Yes, he invited problems into his life by moving into the heart of Sodom, the rancid nest of debauchery and lewdness.  But the fact that he was “at the gate” when the angels of doom arrived (4) tells us he kept his nose clean, earned respect of the locals, and became a leader in the city.  He immediately recognized the angels as messengers from God and gave them proper honor, prostrating himself and looking out for their safety (7).  

Even more remarkable is his moral uprightness in the face of constant resistance.  While he strove to live morally, he received nothing but derision, not just occasionally, but every single day (6).  He could not escape it.  His contemporaries mocked him for not joining in their revelry and hedonism.  His own household opposed him.  His sons-in-law took him for a fanatical goofball, laughing at him to their fiery end (8).  His wife was so immersed in the comforts of the world, she ignored an angelic warning and stole a longing glance at her beloved home…and as a result, will forever be known as the woman who turned into a pillar of salt (9).  His daughters were so godless and immoral they resorted to shameless incest to avoid childlessness (10).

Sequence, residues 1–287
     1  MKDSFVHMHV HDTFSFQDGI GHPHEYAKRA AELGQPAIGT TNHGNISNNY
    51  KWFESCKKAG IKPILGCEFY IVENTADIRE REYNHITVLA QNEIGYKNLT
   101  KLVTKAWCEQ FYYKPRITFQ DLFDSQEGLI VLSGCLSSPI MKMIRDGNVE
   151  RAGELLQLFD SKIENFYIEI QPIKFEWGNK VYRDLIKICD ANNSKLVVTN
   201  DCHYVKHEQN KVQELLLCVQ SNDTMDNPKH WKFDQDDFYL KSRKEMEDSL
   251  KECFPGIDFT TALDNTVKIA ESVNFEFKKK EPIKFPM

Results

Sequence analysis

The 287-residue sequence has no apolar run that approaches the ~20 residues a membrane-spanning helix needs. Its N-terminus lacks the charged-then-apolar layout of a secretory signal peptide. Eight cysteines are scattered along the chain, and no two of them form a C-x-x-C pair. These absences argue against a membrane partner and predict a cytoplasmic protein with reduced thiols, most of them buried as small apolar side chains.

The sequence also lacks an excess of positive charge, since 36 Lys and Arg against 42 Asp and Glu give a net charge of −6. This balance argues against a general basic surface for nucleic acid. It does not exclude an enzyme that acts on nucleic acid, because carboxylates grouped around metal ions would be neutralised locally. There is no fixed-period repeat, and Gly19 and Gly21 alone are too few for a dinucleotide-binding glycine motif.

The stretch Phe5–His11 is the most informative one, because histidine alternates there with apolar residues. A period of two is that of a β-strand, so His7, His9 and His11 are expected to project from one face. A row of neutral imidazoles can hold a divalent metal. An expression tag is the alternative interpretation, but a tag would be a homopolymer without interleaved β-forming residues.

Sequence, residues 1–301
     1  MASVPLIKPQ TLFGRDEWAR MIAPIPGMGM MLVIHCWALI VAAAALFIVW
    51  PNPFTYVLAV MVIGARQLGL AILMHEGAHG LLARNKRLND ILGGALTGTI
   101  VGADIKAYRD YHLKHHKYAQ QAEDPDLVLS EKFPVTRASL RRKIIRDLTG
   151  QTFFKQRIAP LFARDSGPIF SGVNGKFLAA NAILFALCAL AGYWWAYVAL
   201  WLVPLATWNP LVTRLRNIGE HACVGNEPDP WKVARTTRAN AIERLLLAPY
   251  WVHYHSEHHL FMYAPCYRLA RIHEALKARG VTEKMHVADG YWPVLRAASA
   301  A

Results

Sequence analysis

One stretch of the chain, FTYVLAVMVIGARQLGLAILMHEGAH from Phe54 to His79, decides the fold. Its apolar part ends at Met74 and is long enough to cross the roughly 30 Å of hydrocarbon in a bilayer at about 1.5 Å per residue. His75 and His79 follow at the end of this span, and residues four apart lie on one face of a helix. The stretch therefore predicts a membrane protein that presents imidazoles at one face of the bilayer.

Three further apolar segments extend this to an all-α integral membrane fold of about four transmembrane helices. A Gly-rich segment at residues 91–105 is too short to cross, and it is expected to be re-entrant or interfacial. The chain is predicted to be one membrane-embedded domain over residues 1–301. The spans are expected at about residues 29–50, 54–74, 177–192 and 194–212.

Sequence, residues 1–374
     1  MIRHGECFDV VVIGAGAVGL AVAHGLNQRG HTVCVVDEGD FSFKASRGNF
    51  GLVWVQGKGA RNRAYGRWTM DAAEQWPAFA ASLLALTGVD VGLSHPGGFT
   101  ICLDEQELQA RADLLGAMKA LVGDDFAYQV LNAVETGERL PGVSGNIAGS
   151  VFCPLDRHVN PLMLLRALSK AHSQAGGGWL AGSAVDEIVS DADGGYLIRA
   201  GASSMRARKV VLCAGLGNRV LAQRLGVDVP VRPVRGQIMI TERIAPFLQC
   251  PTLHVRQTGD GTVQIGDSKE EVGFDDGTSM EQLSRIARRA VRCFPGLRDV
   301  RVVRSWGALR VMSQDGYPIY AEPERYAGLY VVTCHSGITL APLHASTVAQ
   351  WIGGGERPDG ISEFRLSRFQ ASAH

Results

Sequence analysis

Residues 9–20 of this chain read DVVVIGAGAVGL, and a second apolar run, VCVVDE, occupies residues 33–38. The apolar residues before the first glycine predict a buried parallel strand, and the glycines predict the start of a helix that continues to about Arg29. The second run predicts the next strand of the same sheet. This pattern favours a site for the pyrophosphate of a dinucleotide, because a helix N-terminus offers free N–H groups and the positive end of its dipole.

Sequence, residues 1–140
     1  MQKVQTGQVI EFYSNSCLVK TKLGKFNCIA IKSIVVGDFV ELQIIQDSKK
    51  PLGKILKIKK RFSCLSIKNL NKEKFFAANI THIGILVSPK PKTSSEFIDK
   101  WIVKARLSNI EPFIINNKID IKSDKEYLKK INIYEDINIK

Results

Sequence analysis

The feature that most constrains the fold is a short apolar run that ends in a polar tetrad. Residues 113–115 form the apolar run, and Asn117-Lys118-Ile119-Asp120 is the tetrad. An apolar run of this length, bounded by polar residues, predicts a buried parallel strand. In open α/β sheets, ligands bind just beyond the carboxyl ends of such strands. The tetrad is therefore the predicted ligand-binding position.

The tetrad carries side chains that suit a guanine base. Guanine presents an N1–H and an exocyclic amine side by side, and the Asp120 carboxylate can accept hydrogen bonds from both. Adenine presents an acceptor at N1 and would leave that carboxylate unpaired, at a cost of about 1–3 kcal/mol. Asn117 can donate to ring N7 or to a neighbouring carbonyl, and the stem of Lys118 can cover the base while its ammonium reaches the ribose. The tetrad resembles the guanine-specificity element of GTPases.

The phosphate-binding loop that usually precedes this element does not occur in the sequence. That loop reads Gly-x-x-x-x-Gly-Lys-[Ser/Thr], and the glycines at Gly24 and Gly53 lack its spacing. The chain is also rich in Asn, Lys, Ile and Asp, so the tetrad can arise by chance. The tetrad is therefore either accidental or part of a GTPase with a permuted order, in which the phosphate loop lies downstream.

Unless you have personally experienced public ridicule for your beliefs, unless you have had peers ignore or mock your lifestyle, unless you have felt the loneliness and despair that accompanies constant rejection…unless you have experienced suffering like this, you will have no appreciation for what Lot endured.  Imagine living in a house with people who don’t share your values.  Imagine sharing a kitchen table every day with people who treat you with contempt.  Imagine working hard at your job while enduring constant derision from coworkers, bombarded by crude jokes, cheating and pilfering, filthy language, and disgusting behavior.  This was the burden of Lot.  Peter says Lot routinely saw and heard lawless deeds of unprincipled men every day.  Lot not only saw affliction, he felt it in his soul.  His soul was tormented day after day.